Day 3: Wednesday 25 October
We walk the short distance to the Prado Museum for the first of three visits, entering at 9.00 am before it opens to the public. The bulk of the many masterpieces from the Spanish Royal Collection are housed in this wonderful museum and this first visit will be devoted to the Italian pictures from the early Renaissance period up to the late seventeenth century. There are paintings by Fra Angelico, Botticelli, Raphael and their contemporaries but the dominant theme is Venetian art; above all the most important group of works by Titian housed in a single gallery in the world.  
After some free time for lunch in the museum (not included), we continue by coach to the Royal Chapel of San Antonio de la Florida, with frescoes by Goya and by coincidence it is also his burial place.  We then spend the rest of the afternoon in the Royal Palace. Built by the Bourbon monarchs in the eighteenth century, it is still used by the Royal Family and is sumptuously decorated and full of treasures. We return to our hotel and the evening will be free.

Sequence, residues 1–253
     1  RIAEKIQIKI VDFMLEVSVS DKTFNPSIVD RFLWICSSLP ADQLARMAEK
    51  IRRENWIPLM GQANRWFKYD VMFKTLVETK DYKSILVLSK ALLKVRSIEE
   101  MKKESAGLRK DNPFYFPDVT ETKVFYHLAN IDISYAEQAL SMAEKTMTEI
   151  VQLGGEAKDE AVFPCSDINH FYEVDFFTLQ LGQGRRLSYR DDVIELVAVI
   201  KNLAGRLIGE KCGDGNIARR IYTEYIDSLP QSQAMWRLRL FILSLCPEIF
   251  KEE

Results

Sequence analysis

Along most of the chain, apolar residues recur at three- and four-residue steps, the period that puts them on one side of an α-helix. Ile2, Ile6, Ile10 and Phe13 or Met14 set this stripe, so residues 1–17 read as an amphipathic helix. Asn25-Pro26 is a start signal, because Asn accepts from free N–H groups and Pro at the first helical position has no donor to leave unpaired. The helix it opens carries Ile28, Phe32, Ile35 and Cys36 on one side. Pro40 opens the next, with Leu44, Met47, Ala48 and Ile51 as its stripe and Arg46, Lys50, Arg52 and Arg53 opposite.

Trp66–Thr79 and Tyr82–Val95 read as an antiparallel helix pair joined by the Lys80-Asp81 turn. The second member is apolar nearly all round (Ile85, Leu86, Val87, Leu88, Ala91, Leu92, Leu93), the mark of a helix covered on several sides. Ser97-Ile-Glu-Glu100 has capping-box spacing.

Day 4: Thursday 26 October
This morning we drive out of Madrid to visit the Royal Palace of Aranjuez. This delightful palace and its surrounding gardens were an attempt to recreate a mini-Versailles.  After a group lunch, and some time to stroll in the adjoining Royal Park, we return to Madrid where the evening will be free.
Day 5: Friday 27 October
We return to the Prado before it opens to the public and this morning we concentrate on the marvellous Flemish paintings. These range from the profoundly moving religious works of Rogier van der Weyden to the highly eccentric visions of Hieronymus Bosch. From a later period there are fine pictures by Rubens, Van Dyck and many others.
After some free time for lunch in the museum (not included), the afternoon will be devoted to a visit to the Thyssen Collection, sold to Spain in 1983 and at that time the greatest art collection in private hands - indeed outshining the Prado in some areas!  The evening will be free.
Day 6: Saturday 28 October